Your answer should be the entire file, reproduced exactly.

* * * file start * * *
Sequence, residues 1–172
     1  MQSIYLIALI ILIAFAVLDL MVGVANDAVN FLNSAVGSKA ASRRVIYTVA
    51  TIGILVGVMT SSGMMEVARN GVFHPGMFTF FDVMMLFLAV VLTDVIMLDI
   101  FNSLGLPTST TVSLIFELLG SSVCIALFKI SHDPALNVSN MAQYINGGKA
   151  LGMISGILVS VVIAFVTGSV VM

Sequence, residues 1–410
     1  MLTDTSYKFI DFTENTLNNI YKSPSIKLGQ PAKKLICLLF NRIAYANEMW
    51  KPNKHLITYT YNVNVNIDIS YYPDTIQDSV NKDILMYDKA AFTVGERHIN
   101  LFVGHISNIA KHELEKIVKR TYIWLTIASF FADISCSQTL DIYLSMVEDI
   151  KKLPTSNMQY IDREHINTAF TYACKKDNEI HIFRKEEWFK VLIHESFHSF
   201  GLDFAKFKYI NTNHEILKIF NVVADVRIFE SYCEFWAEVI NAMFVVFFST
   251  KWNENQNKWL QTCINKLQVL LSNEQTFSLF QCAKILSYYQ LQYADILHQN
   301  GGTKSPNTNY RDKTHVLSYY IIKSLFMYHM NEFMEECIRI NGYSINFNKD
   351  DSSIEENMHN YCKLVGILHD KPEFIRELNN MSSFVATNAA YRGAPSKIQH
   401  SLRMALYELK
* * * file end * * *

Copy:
Sequence, residues 1–172
     1  MQSIYLIALI ILIAFAVLDL MVGVANDAVN FLNSAVGSKA ASRRVIYTVA
    51  TIGILVGVMT SSGMMEVARN GVFHPGMFTF FDVMMLFLAV VLTDVIMLDI
   101  FNSLGLPTST TVSLIFELLG SSVCIALFKI SHDPALNVSN MAQYINGGKA
   151  LGMISGILVS VVIAFVTGSV VM

Sequence, residues 1–410
     1  MLTDTSYKFI DFTENTLNNI YKSPSIKLGQ PAKKLICLLF NRIAYANEMW
    51  KPNKHLITYT YNVNVNIDIS YYPDTIQDSV NKDILMYDKA AFTVGERHIN
   101  LFVGHISNIA KHELEKIVKR TYIWLTIASF FADISCSQTL DIYLSMVEDI
   151  KKLPTSNMQY IDREHINTAF TYACKKDNEI HIFRKEEWFK VLIHESFHSF
   201  GLDFAKFKYI NTNHEILKIF NVVADVRIFE SYCEFWAEVI NAMFVVFFST
   251  KWNENQNKWL QTCINKLQVL LSNEQTFSLF QCAKILSYYQ LQYADILHQN
   301  GGTKSPNTNY RDKTHVLSYY IIKSLFMYHM NEFMEECIRI NGYSINFNKD
   351  DSSIEENMHN YCKLVGILHD KPEFIRELNN MSSFVATNAA YRGAPSKIQH
   401  SLRMALYELK